In the late 19th and early 20th century, a handful of megacorporations like Standard Oil and U.S. Steel rose to dominance, growing powerful enough to dictate terms to lawmakers. Their rise was accompanied by the erosion of worker and consumer protections, ruthless tactics to wipe out competitors and, unsurprisingly, massive economic and racial inequality.
Starting in the early 1900s, lawmakers increasingly began to push back and through a series of new laws and court decisions, broke up monopolies and placed some limits on their power. In Europe, by contrast, powerful monopolies were put into power and then co-governed with genocidal dictators in Germany, Spain and Italy. Fascist state power was propped up by corporate monopolies.
While the antitrust reforms of the early 20th century and a militant labor movement helped stave off corporate consolidation and unchecked power, in the 1970s, a bipartisan pro-business effort came together to eliminate guardrails that had prevented businesses from gaining too much power. It’s no surprise that decades later, monopoly powers are on the march again — and neoliberalism is bringing to power leaders with fascist tendencies like Donald Trump. Tim Wu, who is Biden’s special adviser on competition policy, noted these contrasts in the opening of his book, The Curse of Bigness: Antitrust in the New Gilded Age: “Extreme economic concentration yields gross inequality and material suffering, feeding an appetite for nationalistic and extremist leadership.”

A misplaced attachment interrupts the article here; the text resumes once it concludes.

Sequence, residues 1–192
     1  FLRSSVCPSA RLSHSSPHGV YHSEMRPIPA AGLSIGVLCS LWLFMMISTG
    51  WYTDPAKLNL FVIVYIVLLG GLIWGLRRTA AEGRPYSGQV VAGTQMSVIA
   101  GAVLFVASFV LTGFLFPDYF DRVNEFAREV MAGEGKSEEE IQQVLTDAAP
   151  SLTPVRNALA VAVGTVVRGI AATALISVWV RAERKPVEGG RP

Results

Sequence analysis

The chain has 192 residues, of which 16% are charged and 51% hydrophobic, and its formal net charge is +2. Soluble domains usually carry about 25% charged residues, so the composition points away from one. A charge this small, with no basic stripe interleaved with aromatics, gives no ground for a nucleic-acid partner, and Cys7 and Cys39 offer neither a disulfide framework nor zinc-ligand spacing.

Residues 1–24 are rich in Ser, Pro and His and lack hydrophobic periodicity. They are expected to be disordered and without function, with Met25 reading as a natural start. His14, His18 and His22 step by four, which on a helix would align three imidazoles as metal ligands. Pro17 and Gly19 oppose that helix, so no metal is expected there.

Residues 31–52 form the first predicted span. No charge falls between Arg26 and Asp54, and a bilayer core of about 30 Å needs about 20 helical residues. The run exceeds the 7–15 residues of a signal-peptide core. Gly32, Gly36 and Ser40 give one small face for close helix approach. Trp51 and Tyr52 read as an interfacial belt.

It would be naive to think that somehow, in the wake of Trump’s defeat, that democracy is safe and we can repair the harms done to our multiracial society. What is clear is that there is a rising strain among certain Republicans who are Trump’s strongest supporters and have taken up the populist mantle of antitrust — as though they hadn’t been corporate America’s allies in Congress for years.